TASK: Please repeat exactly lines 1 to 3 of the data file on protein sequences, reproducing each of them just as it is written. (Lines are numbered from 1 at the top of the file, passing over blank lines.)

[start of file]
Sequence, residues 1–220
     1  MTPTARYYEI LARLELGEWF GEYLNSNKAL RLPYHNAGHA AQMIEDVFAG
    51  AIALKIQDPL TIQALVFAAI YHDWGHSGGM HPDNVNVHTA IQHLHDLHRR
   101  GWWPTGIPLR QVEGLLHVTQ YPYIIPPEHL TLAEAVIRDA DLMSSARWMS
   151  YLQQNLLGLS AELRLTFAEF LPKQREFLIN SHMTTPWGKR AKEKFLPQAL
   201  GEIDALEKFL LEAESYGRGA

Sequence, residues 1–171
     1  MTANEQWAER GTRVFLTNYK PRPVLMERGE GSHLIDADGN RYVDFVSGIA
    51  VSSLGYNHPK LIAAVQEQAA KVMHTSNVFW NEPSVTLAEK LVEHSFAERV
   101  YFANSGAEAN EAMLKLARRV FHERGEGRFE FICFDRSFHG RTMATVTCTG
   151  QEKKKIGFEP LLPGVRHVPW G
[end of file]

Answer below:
Sequence, residues 1–220
     1  MTPTARYYEI LARLELGEWF GEYLNSNKAL RLPYHNAGHA AQMIEDVFAG
    51  AIALKIQDPL TIQALVFAAI YHDWGHSGGM HPDNVNVHTA IQHLHDLHRR